Pakistan's middle order comes good at last
On Sunday, Pakistan won a tightly contested game, showing their resilience to deny Bangladesh an upset despite Shakib Al Hasan and Nasir Hossain's counterattack. At the post-match presentation, though, Misbah-ul-Haq was not a satisfied man, and said that in every match his team was making the same mistakes.
The cause of Misbah's annoyance was the misfiring middle order which had yet again collapsed. From the security of 160 for 1, Pakistan had slid to 198 for 7 and needed some late swinging from Umar Gul to take them to the respectability of 262 for 8. "We should have made 300," he had said.
In the one-dayers against England, Pakistan had entrusted Umar Akmal with the wicketkeeping gloves for a couple of matches, though he is at best a part-time gloveman, in order to include an extra batsman. In the first of those matches, Pakistan had so many batsmen that Shahid Afridi walked out at as low as No. 8. Still, it did not prevent them from capsizing to 130 all out. The batting continued to fumble through the England series, putting together just one century stand. These performances came after perhaps the most dramatic of their recent collapses, when they cratered from 133 for 3 to 177 all out against Bangladesh.
So when they dipped to 33 for 3 against Sri Lanka on Thursday, their fans could be excused for getting a feeling of déjà vu. Younis Khan, one of the men tasked with gluing the middle order together, had been dismissed for 2. While his slip catching remains exceptional, the runs are starting to dry up in one-dayers, with his only half-century in 12 innings coming against the relative lightweights, Afghanistan.
Though the target today was a moderate 189, only the consistent Misbah-ul-Haq inspired confidence among the batsmen to follow. The others were the dangerous but mercurial pair of Umar Akmal and Shahid Afridi, the untested allrounder Hammad Azam, and wicketkeeper Sarfraz Ahmed* who is yet to showcase his batting ability on the international stage. Time for Pakistan to regret going in a batsman short?
They did not have to, as Misbah added to his growing collection of ODI half-centuries as captain, and Umar Akmal kept his head as the pair added 152 for the third wicket. Early in the partnership, Mahela Jayawardene turned to his strike bowler, Lasith Malinga, to try and get the breakthrough. Umar Akmal, though, hit him for three classy fours in an over and grew in confidence after that. Misbah was initially tied down by some tight bowling, but he released the pressure with a big six over long-on.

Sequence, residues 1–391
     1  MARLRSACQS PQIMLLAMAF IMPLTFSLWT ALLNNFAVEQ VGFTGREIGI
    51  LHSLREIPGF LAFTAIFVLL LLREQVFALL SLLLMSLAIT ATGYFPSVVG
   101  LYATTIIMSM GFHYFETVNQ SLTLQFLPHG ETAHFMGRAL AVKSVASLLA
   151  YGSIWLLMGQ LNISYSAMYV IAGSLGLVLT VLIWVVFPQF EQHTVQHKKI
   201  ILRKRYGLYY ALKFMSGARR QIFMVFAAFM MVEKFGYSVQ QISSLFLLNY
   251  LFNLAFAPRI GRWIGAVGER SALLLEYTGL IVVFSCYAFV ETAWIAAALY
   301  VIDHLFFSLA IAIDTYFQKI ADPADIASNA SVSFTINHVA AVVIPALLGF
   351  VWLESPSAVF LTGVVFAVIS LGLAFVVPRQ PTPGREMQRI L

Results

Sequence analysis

It was only as the partnership neared 100 that they really started to let loose, taking Pakistan to victory in the 40th over, and securing the bonus point as well.
Misbah was now a more happy man. "It was a much-needed performance from the middle order, especially me and Umar Akmal," he said. "Most of our batsmen struggled during the England series, so I think this performance is really a confidence-builder for us, we needed that very much.
"I think the bowlers gave us an edge, especially getting them out for 188. Three early wickets, Sri Lanka were back in the hunt, the partnership really brought us back and the team got confidence from that, so it is a good thing for our team."
Another reason for Misbah to be happy is that the victory nearly guarantees Pakistan a place in the final, reducing the stakes in the marquee clash against India coming up on Sunday.
* 03.32 GMT, March 16: The article had incorrectly mentioned Sarfraz Nawaz. This has been changed.
Edited by Dustin Silgardo
Siddarth Ravindran is a sub-editor at ESPNcricinfo